For history of an airplane http://www.dfrc.nasa.gov/trc

For how an airplane flies http://www.dfrc.nasa.gov/trc

The assessment will be done by grading quizzes that come off the Cessna CD-ROMS, checking the science notebook worksheets, grading reports on aviation history, and grading how well they fly the simulator and read the instruments when flying the flight pattern.

Mr. Don Groff, fifth and sixth grade elementary science teacher, Woodbine, Iowa School 
e-mail groff@woodbine.k12.ia.us
Home rdgroff@pionet.net

Computer Resources Inc. Roy Williamson for hooking up simulator 

Mr. Ted Webb, Technology Specialist, Woodbine Iowa, tw@woodbine.k12.ia.us

Cleared for Takeoff, from Cessna for allowing us to use parts of their multimedia training system to generate interest in flying.

Todd Heistand for the use of his airplane to compare parts of a real airplane to the Internet airplane.

Thanks goes out to Lindsey, Jared, Dylan, Miranda, Becky, and Mathew for showing the sixth grade how to use the flight simulator.

A thanks for the donation from Moores for the simulator in memory of Allison and Bryan Dinslage.

Dave Stamp for flying the plane and showing the students the parts of a real plane.

Foodland for donating Styrofoam plates for the art part of the lesson.

The timeline for teaching the students this course on flying an airplane will take 10 to 12 class days. This will be the first time that this course is taught, so changes will be made after it is done to see what can be improved or dropped. The students will be running a wide range of computer equipment. This includes: digital camera, computer hooked to Internet, research on the Internet for aviation history, typing reports, taking quizzes from CD-ROMS on a big screen projector, printing digital camera pictures, and using the flight simulator.

We will show the students how to run the flight simulator ahead of time. The students will have to learn the six instruments that will be used in the flight pattern and how to read them later in the course. We wanted to let people see what our simulator looked like and how easy it is to run on the video.

This is a unit that is being developed by taking pieces of many different teaching guides. Some include: NASA’s Aeronautics guide, Cessna’s interactive software, Flight Simulator 98 software, and NASA’s Internet site on the parts of a plane and history of aviation. I have not taught this before.

Technology Resources:
I chose to do this unit because it has a lot of technology being used in it and the equipment that is being used allows students to do something most people only dream of doing. The simulator only cost $1,140. It was the cheapest we could find, and it still runs like a real plane.

School Background Information:
We are a small rural town with a population of 1,500 people.  The parents of the students work at Tommy Gate, John Deere, a natural food or herbs factory, 15 small businesses, and are farmers. Our enrollment goes between 500-600 students.  All but two of our students speak English and those two know the Arabic language.  We have the two Arabic students and in my twenty-eight years of teaching we have had three African-American students.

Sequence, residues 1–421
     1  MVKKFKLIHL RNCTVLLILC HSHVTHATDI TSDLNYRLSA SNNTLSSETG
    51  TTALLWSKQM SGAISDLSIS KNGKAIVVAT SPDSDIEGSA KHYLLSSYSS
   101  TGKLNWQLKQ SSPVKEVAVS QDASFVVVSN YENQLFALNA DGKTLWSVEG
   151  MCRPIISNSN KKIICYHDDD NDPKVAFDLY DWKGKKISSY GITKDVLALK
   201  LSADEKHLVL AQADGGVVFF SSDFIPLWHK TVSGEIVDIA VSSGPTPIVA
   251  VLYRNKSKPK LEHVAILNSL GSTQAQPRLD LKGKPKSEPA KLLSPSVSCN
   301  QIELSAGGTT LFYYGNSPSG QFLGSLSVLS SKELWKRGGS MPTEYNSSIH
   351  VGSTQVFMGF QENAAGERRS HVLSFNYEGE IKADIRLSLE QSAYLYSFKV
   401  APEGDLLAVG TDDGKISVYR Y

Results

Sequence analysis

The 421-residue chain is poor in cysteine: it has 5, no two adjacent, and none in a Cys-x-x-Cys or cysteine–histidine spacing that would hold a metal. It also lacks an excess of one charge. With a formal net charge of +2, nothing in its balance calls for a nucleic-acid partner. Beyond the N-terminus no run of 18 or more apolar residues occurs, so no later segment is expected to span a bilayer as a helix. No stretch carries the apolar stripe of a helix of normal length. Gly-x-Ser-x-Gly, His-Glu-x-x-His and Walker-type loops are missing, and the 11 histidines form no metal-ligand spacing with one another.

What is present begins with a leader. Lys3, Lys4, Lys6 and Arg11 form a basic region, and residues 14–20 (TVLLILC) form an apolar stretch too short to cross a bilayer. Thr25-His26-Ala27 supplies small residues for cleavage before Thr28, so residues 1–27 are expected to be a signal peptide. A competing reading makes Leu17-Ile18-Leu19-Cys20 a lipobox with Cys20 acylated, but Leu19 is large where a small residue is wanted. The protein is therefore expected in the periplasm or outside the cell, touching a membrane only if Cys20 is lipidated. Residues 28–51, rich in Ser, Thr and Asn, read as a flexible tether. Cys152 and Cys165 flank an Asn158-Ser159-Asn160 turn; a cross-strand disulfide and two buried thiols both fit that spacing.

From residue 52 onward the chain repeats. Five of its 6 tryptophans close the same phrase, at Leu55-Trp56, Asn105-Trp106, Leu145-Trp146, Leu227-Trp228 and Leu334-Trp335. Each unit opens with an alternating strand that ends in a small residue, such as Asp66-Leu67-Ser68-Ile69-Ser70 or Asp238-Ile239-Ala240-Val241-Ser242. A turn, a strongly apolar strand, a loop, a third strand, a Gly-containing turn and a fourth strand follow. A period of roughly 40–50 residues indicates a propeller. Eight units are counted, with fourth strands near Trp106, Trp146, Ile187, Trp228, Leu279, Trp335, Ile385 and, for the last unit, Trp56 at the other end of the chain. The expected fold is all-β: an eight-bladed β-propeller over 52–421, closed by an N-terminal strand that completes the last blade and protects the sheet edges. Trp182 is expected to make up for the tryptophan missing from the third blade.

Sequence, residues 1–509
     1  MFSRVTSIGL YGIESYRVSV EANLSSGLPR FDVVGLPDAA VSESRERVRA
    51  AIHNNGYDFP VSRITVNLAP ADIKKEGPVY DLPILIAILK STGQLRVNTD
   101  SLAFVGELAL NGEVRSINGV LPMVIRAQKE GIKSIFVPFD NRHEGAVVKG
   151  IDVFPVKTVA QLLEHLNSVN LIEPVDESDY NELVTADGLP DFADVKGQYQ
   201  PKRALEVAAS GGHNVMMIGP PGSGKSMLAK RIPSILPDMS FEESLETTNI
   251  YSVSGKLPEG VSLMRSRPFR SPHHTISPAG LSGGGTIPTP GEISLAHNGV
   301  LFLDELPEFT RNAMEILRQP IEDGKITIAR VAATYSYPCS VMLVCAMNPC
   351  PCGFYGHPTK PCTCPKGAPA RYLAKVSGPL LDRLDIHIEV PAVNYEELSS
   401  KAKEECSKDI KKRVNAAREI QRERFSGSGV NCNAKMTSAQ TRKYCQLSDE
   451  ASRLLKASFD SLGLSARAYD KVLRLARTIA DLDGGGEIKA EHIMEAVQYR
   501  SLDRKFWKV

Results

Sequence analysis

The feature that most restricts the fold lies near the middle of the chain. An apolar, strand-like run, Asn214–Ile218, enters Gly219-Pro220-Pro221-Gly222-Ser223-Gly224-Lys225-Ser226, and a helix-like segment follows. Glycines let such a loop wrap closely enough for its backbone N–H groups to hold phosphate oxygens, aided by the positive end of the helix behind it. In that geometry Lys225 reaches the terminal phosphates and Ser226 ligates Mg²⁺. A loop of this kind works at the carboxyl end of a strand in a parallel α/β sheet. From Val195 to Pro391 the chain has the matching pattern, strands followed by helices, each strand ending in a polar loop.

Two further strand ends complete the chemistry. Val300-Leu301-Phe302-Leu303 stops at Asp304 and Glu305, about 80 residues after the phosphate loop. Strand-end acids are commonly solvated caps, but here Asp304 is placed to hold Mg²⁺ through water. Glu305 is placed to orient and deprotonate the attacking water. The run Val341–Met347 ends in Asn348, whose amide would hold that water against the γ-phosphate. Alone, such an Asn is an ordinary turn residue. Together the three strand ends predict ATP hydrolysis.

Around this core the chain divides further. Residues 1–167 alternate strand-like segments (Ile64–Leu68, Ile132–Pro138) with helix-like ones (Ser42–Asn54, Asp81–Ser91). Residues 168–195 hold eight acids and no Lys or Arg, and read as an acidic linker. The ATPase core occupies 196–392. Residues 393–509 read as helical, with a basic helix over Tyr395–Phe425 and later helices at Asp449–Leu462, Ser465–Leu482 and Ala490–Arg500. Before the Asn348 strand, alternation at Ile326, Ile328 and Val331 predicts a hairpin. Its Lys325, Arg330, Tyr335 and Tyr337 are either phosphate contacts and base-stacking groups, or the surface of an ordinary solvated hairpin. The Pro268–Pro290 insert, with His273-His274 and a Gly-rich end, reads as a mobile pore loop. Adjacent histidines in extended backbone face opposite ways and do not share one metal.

Teaching Strategy:
I chose to use this teaching strategy because it opens an area for students to use technology and computer equipment that is not available in most areas. It was an area that does not require much motivation.

Technology as Facilitator of Quality Education Model Components Highlighted in This Activity http://www.intime.uni.edu/model/modelimage.html
(Note: This is a unit plan that may cover several days to several weeks. Not all of the elements from the Technology as Facilitator of Quality Education Model that are described below will appear in the video clips used.)

Principles of Learning: The students will be running the computer and pointing to the parts of the airplane on the big screen, which covers Active Involvement. They will use the flight simulator to do a flight pattern. This will help them to practice taking off and landing which is Informal Learning. When we are done with the parts of the airplane, students will be asked to take their Styrofoam airplanes and point to the parts when the teacher tells what part they are looking for. The student will also explain what it does. The Patterns and Connections, and Enjoyable Setting come when we go the airport to point out the differences between parts of the plane seen on the Internet site and the parts of a real plane.

Information Processing: The students will have a lot of hands on experience when touching the parts of the airplane. They will Communicate with the class what is different from the Internet parts.

Democracy: Each student will learn to Tolerate answers of the comparisons of the parts of the plane. The class will learn by discussing through a debate about the comparison.

Student Characteristics:
Due to prior experience with the simulator, I know my students are ready to experience the use of this new technology. The students know that they are one of, if not the only, sixth grade classes in the state that will be using a simulator to learn to fly a plane. I feel that even some of our special needs students will enjoy learning how to fly. This will be a great motivator for sixth grade science for the rest of the year.

Evolution of the Activity:
This project idea came from our fifth and sixth grade computer club, which runs on a volunteer basis. We raised money through selling pizza books and a donation from a family to buy this simulator. I then decided I would like to make a curriculum and try to generate interest in flying an airplane. Over the summer I contacted Cessna for permission to use small parts of their CD-ROMS and worked on what I think will be a good lesson for students on how to enjoy flying an airplane.

(Learning activity format adapted from National Educational Technology Standards for Students Connecting Curriculum & Technology http://cnets.iste.org/students)